3) There are huge political incentives to increase spending: Want to get good press if you’re a politician? Bring some pork home to your district. Advocate for a new government program. Offer to send people checks. Push through a trillion-dollar spending bill and repeat as often as possible. It literally doesn’t matter if the money is spent well or the programs work because you’ll still be praised. Meanwhile, try cutting ANYTHING in the federal budget. Whoever is getting that money will squeal like a pig about how you’re ruining them. They’ll hire lobbyists, do PR campaigns, call in every favor they have, and what do you know… your attempt to cut that program will fail. Government spending is like a spigot that only turns one way. Nothing is easier than to turn it on, but once you do, you can never turn it off.

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4) The middle class isn’t paying their fair share: I’m a believer in small government and low taxes on the middle class, but that is not what we have in America. We have big government and low taxes on the middle class. In fact, America has the most progressive tax code in the Western world, meaning that rich Americans are paying too much, and the middle class isn’t paying anywhere close to enough. The top 25% of taxpayers pay 86% of all income taxes. Meanwhile, the average person receives hundreds of thousands more in Social Security and Medicare benefits than they pay in. If middle-class Americans had to actually pay enough to keep programs like Medicare and Social Security on an even keel and knew their taxes would go up every time a new program was passed, you’d be amazed at how interested the middle-class would become in cutting spending. Alas, that is not the world we live in, nor is it likely to be anytime soon.

5) By the time the problem is obvious to everyone, it will be too late to fix: Niccolo Machiavelli was a brilliant man and this is one of his best quotes:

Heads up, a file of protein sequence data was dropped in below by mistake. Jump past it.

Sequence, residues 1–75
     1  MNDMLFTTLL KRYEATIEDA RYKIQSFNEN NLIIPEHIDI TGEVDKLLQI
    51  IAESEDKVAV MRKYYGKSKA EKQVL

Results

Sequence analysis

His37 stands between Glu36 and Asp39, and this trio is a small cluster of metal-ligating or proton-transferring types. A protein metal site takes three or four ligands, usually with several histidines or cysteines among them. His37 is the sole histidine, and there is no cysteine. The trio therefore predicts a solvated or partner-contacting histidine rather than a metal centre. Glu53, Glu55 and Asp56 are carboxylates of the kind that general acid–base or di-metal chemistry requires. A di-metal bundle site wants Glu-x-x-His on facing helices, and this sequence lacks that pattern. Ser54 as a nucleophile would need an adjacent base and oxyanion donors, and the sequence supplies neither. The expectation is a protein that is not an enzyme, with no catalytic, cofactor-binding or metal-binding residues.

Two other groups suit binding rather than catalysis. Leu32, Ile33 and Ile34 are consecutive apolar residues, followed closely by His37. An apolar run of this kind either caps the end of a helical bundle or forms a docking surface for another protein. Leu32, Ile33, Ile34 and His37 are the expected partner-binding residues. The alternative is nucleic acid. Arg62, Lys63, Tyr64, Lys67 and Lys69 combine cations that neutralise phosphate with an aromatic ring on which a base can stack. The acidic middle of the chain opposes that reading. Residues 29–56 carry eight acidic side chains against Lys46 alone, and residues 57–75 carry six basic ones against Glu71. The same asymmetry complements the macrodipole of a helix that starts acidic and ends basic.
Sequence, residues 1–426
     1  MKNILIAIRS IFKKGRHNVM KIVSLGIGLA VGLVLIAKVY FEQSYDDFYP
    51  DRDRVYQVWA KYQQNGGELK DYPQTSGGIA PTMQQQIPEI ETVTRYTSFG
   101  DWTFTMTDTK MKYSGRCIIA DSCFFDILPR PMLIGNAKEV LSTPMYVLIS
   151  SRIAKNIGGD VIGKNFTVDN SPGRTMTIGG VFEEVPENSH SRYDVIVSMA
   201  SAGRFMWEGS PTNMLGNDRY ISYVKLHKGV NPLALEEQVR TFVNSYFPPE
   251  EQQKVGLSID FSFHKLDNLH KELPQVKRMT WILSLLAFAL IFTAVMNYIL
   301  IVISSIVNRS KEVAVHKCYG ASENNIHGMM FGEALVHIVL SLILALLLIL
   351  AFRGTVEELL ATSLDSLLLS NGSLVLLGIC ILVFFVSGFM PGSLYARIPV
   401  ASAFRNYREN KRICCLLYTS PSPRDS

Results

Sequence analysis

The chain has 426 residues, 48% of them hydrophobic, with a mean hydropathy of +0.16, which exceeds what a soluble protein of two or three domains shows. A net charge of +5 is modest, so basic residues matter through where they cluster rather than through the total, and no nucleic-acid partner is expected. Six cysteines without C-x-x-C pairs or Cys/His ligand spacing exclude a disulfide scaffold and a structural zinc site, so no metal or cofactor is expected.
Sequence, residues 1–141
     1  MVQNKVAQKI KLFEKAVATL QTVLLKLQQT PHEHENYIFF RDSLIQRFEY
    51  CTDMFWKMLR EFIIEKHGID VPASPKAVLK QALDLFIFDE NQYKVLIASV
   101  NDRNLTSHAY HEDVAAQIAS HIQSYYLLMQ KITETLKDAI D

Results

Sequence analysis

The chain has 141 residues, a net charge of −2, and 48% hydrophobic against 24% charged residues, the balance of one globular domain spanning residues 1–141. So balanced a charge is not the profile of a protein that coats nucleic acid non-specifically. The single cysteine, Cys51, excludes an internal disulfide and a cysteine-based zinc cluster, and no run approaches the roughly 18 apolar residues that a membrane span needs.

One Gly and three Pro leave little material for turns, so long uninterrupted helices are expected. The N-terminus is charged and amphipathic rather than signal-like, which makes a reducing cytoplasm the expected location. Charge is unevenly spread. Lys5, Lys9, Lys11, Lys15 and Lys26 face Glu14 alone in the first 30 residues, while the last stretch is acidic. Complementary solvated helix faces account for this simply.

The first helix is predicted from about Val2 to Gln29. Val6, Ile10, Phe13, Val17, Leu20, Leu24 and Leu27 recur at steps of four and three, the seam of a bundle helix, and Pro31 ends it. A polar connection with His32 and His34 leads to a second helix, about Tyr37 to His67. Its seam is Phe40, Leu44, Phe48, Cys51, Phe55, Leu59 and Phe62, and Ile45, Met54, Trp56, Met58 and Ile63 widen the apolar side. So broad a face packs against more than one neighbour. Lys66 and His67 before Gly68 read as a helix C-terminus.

“And what physicians say about disease is applicable here: that at the beginning a disease is easy to cure but difficult to diagnose; but as time passes, not having been treated or recognized at the outset, it becomes easy to diagnose but difficult to cure. The same thing occurs in affairs of state; for by recognizing from afar the diseases that are spreading in the state (which is a gift given only to a prudent ruler), they can be cured quickly; but when they are not recognized and are left to grow to the extent that everyone recognizes them, there is no longer any cure.”

At some point, the consequences of our overspending will become so obvious that everyone can see them. America will no longer be the world’s reserve currency. Investors will stop lending America money at low-interest rates. The interest payments on the debt will become the biggest expenses in our budget. The value of the dollar will plunge. Inflation will take off like a rocket. The government will have difficulty paying people to do things anymore because inflation will make the payments they’re offering nearly worthless. Government payments for programs will be cut, stopped or inflation will make them much smaller than they used to be. Odds are, all of these things are going to happen and by the time they do, the problem will be nearly insurmountable. We’re not a tiny country like Greece, so the rest of the world won’t be able to bail us out and they certainly won’t throw good money after bad. We’ll drop off into a debt-driven depression and then we’ll have to see how bad it gets from there. We could see anything from a decades-long worldwide depression to the country splitting up and there won’t be much we can do about it.

Are these things fated to happen? Well, in Charles Dickens’ “A Christmas Carol,” there was a relevant conversation between Scrooge and a ghost:

“Are these the shadows of the things that Will be, or are they shadows of the things that May be only?” Still, the Ghost pointed downward to the grave by which it stood. “Men’s courses will foreshadow certain ends, to which, if persevered in, they must lead,” said Scrooge.

These are still fixable problems, although we have already waited so long, there are no longer minimally painful ways to fix them. Additionally, it would require a major attitude shift in America to do the politically unpopular things that could make a real dent in the problem. Things like dramatically raising taxes on the rich and middle class. By finding ways to cut Social Security, Medicare, and defense. By getting rid of baseline budgeting. By refusing to add new government programs and by cutting old ones. By insisting on cutting the budget until we run surpluses instead of deficits every year. That would be a good start. Unfortunately, in the “me first” world we live in today, it doesn’t seem politically possible to ask the majority of Americans to accept much more pain today so future generations can grow up in a fiscally sound nation. So, God help us all.

John Hawkins is the author of 101 Things All Young Adults Should Know and this originally appeared at Bongino.com.